This post was written by students at Accelerated Schools of Overland Park.
Here at the Accelerated Schools of Overland Park, we host an Environmental Science class. As part of this class, we maintain a school garden which has three eight-foot by four-foot raised beds.
This past fall, we completed our harvest of tomatoes, herbs, hot peppers and sweet peppers. We have used our harvest to make salads and salsa for our school. At the end of the season, the plants were removed, and we covered the soil with straw to preserve the soil over the winter and provide it with nutrients.
To extend our harvest, we built a hoop house by drilling metal straps into the sides of our raised beds and curling PVC pipes over the top. This required a lot of team work. One person had to bend the pipe around the bed and hold it into place, while another person drilled the pipe strap. After all three pipes were in place, we covered it with a sheet of polythene plastic. To ensure a tight fit, we made knots using duct tape. In the end it looked like a giant piece of candy!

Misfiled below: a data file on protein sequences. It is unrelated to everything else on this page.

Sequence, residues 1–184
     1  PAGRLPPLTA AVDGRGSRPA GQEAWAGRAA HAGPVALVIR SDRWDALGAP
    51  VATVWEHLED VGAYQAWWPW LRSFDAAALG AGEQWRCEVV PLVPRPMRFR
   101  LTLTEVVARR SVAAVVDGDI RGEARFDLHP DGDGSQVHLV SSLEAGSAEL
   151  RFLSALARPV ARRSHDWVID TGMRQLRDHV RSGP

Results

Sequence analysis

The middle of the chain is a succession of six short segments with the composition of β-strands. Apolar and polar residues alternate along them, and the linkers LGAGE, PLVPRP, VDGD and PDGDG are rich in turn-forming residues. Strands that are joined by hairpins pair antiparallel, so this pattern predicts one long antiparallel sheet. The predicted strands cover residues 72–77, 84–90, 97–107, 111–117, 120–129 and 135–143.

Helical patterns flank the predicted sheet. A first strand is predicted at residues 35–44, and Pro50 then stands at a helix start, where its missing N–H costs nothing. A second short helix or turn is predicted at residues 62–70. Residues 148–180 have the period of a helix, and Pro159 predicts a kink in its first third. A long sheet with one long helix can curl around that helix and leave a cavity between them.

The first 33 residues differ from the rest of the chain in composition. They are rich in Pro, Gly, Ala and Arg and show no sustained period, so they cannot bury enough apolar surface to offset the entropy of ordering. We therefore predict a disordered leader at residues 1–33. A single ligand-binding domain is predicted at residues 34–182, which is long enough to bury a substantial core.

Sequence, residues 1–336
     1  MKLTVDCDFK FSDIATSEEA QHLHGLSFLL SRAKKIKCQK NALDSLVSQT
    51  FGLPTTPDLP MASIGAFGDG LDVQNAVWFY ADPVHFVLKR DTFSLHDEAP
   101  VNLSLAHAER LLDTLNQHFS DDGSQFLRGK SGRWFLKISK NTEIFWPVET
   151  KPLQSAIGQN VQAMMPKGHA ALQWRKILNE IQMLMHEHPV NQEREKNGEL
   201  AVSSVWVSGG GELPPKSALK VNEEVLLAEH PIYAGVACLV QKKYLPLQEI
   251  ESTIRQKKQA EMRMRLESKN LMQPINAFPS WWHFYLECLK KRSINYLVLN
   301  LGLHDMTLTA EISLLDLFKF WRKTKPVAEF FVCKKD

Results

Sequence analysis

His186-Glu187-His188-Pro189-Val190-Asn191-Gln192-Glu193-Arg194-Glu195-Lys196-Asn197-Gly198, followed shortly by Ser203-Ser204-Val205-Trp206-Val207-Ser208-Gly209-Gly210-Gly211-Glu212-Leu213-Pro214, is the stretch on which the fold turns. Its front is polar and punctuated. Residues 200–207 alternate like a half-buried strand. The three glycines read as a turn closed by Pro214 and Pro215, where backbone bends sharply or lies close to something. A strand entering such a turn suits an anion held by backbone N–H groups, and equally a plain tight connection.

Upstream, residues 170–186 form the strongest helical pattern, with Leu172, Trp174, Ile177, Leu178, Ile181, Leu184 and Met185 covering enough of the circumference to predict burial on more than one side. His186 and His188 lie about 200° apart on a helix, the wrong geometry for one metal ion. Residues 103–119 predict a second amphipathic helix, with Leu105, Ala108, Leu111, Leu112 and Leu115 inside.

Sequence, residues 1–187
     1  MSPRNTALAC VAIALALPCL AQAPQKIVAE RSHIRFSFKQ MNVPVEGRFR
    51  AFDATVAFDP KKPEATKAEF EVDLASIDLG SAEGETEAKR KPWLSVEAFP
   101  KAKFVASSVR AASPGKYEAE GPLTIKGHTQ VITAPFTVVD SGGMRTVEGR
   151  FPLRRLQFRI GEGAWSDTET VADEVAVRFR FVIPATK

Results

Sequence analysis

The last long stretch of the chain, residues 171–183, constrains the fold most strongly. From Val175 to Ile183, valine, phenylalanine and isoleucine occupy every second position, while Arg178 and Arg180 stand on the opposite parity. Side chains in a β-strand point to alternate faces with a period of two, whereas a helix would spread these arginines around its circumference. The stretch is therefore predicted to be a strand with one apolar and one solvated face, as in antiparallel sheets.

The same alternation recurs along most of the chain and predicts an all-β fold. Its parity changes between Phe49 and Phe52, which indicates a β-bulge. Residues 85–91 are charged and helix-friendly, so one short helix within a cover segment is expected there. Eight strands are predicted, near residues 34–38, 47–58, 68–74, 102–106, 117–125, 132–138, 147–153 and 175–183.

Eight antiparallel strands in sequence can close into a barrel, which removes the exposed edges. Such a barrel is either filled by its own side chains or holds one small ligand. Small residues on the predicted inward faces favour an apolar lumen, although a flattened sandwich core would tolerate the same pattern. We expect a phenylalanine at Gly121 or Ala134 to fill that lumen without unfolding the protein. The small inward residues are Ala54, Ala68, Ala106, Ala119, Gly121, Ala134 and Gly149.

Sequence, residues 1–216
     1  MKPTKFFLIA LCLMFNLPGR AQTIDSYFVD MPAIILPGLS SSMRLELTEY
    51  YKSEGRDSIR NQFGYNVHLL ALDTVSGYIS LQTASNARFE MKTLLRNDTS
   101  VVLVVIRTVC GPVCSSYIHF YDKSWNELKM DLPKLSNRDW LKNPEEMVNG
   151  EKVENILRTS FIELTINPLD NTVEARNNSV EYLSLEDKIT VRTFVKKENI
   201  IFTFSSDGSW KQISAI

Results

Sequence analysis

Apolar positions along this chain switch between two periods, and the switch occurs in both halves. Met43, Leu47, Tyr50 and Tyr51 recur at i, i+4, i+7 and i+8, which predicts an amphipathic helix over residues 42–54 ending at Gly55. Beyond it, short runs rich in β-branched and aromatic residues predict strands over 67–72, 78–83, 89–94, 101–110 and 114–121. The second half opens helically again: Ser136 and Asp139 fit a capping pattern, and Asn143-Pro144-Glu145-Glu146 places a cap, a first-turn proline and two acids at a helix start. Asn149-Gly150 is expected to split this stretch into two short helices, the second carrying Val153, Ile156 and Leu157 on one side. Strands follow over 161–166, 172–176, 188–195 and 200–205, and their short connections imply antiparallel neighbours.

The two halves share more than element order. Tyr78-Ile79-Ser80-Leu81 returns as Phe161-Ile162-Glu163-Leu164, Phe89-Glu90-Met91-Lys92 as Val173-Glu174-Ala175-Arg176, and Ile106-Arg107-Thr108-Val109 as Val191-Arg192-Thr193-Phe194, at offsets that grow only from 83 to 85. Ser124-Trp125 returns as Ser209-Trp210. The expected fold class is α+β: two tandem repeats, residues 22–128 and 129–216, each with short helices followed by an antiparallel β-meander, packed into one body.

The hoop house insulates the plants and blocks out wind, and it warms the plants underneath due to the greenhouse effect. Despite this warmth, we are still mindful about the plants we grow. We’ve chosen to grow all cold hardy plants, which include broccoli, kale, and lettuce. We also planted radish seeds just before winter break.
Last week, Hannah from the Kansas City Community Gardens came to see our garden and help us plant garlic in one of our beds. This summer we hope to harvest our garlic as well as plant and/or harvest berries, more tomatoes, and lunchbox peppers.
If you’re interested in having your schoolyard garden featured in our Spotlight series on our blog, email firstname.lastname@example.org!